Peter D.Wegner, Using Old Testament Hebrew in Preaching: A Guide for Students and Pastors. Grand Rapids: Kregel Academic, 2009 (110). You may also find this illustration on this website.

J.Calvin on Psalm 150: “We may worship God, until… we sing with elect angels an eternal hallelujah.”

JCalvin1Today, for our further reflection on Psalm 150, we also turn to the thoughts of the Reformer John Calvin on vss.1 and 6. These are wonderful concluding words on the OT Psalter. May they too serve to feed our souls, inspiring us to magnify our God with great and majestic praises in all our worship.

1. Praise God in his sanctuary.

…The Psalmist, in order to awaken men who grow languid in God’s praises, bids them lift their eyes towards the heavenly sanctuary. That the majesty of God may be duly reverenced, the Psalmist represents him as presiding on his throne in the heavens; and he enlarges upon the same truth in the second verse, celebrating his power and his greatness, which he had brought under our notice in the heavens, which are a mirror in which they may be seen.

If we would have our minds kindled, then, to engage in this religious service, let us meditate upon his power and greatness, which will speedily dispel all such insensibility. Though our minds can never take in this immensity, the mere taste of it will deeply affect us. And God will not reject such praises as we offer according to our capacity.

6. Whatever breathes, etc.

…As yet the Psalmist has addressed himself in his exhortations to the people who were conversant with the ceremonies under the law, now he turns to men in general, tacitly intimating that a time was coming when the same songs, which were then only heard in Judea, would resound in every quarter of the globe.

And in this prediction we have been joined in the same symphony with the Jews, that we may worship God with constant sacrifices of praise, until being gathered into the kingdom of heaven, we sing with elect angels an eternal hallelujah.

 

RFPA Annual Meeting TONIGHT – The Importance of Reading Church History

Reformed Free Publishing Association — THIS WEEK! – RFPA Annual Meeting: The Importance of Reading Church His.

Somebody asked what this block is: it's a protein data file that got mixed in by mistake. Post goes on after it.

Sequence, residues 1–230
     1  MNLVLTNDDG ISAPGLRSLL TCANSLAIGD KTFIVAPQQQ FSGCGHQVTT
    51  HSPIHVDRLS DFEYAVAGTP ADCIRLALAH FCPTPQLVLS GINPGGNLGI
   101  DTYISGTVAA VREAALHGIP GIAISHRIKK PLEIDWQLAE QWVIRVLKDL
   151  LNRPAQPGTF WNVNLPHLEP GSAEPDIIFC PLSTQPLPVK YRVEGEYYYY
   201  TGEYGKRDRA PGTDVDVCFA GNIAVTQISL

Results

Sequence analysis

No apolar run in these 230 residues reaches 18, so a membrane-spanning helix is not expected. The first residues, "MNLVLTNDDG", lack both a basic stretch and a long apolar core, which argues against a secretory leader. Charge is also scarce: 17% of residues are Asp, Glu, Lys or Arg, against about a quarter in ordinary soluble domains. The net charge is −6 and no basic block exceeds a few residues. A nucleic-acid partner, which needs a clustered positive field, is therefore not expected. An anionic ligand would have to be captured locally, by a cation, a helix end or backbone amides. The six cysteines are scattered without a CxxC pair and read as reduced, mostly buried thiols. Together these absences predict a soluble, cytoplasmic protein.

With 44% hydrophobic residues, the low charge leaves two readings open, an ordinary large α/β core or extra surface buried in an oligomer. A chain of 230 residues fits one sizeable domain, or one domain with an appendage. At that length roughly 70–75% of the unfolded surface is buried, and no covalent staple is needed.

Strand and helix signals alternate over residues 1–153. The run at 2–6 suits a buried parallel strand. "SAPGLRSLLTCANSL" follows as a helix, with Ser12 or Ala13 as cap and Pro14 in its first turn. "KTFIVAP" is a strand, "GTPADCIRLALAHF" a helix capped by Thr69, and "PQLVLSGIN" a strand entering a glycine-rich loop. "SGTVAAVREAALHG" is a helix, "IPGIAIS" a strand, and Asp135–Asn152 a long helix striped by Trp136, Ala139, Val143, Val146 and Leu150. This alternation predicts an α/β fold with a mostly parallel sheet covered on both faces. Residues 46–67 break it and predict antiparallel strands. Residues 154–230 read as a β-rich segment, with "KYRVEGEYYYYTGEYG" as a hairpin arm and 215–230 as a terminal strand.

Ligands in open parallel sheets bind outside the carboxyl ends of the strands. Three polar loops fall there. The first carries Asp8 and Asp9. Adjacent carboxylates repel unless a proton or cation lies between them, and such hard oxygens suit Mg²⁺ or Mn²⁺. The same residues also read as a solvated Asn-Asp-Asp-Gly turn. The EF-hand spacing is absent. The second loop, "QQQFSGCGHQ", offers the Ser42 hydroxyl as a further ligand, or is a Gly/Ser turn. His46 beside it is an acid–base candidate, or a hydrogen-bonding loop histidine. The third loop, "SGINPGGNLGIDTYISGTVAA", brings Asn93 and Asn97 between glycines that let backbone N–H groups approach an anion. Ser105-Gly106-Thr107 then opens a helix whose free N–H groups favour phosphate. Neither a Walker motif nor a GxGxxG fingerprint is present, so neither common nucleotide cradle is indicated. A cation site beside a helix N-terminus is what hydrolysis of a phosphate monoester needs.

Just a reminder that the RFPA’s annual meeting is TONIGHT in Grandville PRC. Those in the Grand Rapids area – and beyond – are encouraged to attend, whether you are an association member or not. You may always join tonight!

RFPA 2014 Meeting

Certainly part of the interest in the meeting is the inspirational speech. Following up on last year’s great speech on the importance of reading, Rev.C.Spronk (Peace PRC, Lansing, IL) will give a talk on “The Importance of Reading Church History”.

Below is part of the notice of the meeting found on the RFPA website. Visit the link above for more information. But know too, that the meeting will be live-streamed from Grandville PRC via their website.

In the Nicene Creed the church confesses that there is only “one holy catholic and apostolic church.” This means that the Christian faith and life of the true church of Jesus Christ as she is manifested today in various denominations and congregations is rooted in the church of the past. Times may have changed but the church today shares with the church of the past the same Lord, the same faith, the same battle, the same hope, and the same purpose—to bring glory to name of our great God. The church must be conscious of her past history in order to be sure that she is continuing on the right path. In other words the study of church history is important.

The study of church history is all the more important because of the constant attack of enemies who seek to knock her off of the “old paths.” Satan desires that the members of the church be ignorant of their history. Lack of interest in church history plays into the evil one’s hands. Church history can then be distorted and used to spread false doctrine and support wicked behavior, as is often attempted today. The study of church history is an important part of the battle of faith she must wage to remain faithful to God.

Hope to see you there!

An Able and Faithful Ministry (5) – S.Miller

Able&Faithful Ministry-SMiller_Page_1Over the course of the last month since the PRC Seminary opened its doors for another year of instruction, we have been examining the thoughts of Presbyterian pastor and Seminary professor (Princeton) Samuel Miller as contained in his address, “The Duty of the Church to Take Measures for Providing an Able and Faithful Ministry”. This sermon was delivered on August 12, 1812 on the occasion of the installation of Archibald Alexander as the first professor of the new Princeton Seminary.

In the last few weeks we noted that in his last point on what the church can and ought to do to ensure “an able and faithful ministry” – namely, start its own Seminary school specifically for training pastors – Miller included some additional ideas which relate to why the church ought to have its own minister school. We continue to quote from this section today, posting a portion that speaks to the importance of united church Seminary education for the unity and peace of the church – another (perhaps obvious but) great point!

Further, when the church herself provides the means of instruction for her own ministry (at a public seminary), she will, of course, be furnished with ministers who have enjoyed, in some measure, a uniform course of education; who have derived their knowledge from the same masters, and the same approved fountains, and who may, therefore, be expected to agree in their views of evangelical truth and order. There will thus be the most effectual provision made, speaking after the manner of men, for promoting the unity and peace of the church.